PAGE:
Following the government’s update on 13th May 2020 regarding home moving in England during the Covid-19 outbreak, we are pleased to announce our branches in England will start re-opening their doors for booked appointments over the coming weeks. Health and safety remains our main priority, and a number of strict measures will be put in place to protect our staff and customers. Our offices in Wales will continue to support customers from home. Visit our branch page to find contact details for your local office.

Top tips to tackle condensation

Top tips to tackle condensation
This article has been provided by Peter Cox commercial and residential property preservation specialists.

condensation infographic

What's Wrong With A Little Condensation?

While low levels of condensation are usually harmless, it is a mistake to assume that this is always the case.

Our experience in the industry has taught us that condensation is the most common cause of damp in buildings precisely because people assume that it is innocuous and fail to take simple precautions that could prevent it from developing into more pressing property problems such as unsightly blistering and peeling wallpaper, damp patches appearing on walls, or even the growth of potentially dangerous fungal black mould.

Why Am I Seeing Condensation In My Home?

It should first be noted that condensation will be present to some degree in every home. This is because it is created by everyday and unavoidable activities that release moisture into the air such as cooking, showering and even simply breathing. Indeed, it is estimated that an average family of four will release the equivalent of a whopping seventeen pints of water per day into the home.

If this humid, damp air is unable to escape outside then it will settle on a surface cooler than itself (frequently a tiled or glass surface) and release the moisture it holds, resulting in the visible water droplets we call condensation.

How Can I Stop Condensation?

Since stopping condensation in the home altogether would basically require us to live outside in a tent, it makes more sense to talk about ways we can reduce condensation!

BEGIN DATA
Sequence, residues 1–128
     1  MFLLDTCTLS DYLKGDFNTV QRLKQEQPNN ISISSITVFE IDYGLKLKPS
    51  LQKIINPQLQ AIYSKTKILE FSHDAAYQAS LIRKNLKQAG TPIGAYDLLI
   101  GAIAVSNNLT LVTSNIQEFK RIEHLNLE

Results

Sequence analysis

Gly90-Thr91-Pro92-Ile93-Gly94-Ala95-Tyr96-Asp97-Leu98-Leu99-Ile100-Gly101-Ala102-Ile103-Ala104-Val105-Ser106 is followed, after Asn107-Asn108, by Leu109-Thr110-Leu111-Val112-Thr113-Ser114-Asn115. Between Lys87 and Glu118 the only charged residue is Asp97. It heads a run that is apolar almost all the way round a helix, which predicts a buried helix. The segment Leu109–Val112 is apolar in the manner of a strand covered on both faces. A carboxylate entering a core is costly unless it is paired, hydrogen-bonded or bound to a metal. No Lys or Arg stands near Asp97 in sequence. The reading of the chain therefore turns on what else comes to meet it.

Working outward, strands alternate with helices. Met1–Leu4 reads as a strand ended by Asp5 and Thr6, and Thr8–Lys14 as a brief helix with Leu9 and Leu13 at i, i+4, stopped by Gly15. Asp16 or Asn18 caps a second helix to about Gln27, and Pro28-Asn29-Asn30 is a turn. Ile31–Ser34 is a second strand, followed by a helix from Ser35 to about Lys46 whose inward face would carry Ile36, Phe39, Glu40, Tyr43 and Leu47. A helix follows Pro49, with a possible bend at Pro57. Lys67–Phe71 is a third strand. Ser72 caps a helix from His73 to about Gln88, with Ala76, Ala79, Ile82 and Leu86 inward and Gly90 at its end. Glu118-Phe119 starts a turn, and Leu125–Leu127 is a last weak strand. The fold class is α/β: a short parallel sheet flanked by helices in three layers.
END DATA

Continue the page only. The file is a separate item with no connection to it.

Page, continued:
Our top tips guide focuses on two of the most humid and problematic rooms in the house, the Bathroom and the Kitchen, and outlines simple measures you can take in order to tackle excessive condensation and prevent your property displaying related signs of damp.

Generally the simplest and most effective way to deal with condensation is to provide a source of ventilation that will provide the clean, fresh and dry air needed to force humid and damp air outside of property where it can safely disperse. Some of the tips and hints we cover in our infographic are:

 * Open the window - While most people know that it is sensible to keep a window open while cooking or having a shower, it is also recommended that you leave the window open for twenty minutes afterwards to allow the moisture in the air to clear.

 * Wipe down cold surfaces - Take a minute after any activity that has released a lot of moisture into the air to remove condensation droplets that have settled on surfaces.

 * Cover pots and pans - This will reduce the moisture that is released into the cooler air.

Professional Solutions To Condensation In The Home

If you have taken the steps outlined in our infographic yet still feel that your property is suffering from persistent damp patches and other signs of condensation then you may want to look into some of our professional Condensation solutions to freshen up your property.

Whether your condensation issue is restricted to one room, the entire property, or even just one recurring spot on a particular wall, Peter Cox have a variety of condensation solutions to address and treat the issue to get your property back to its fresh, healthy and dry best.

To read more about both DIY and professional condensation solutions take a look at our page on condensation treatment.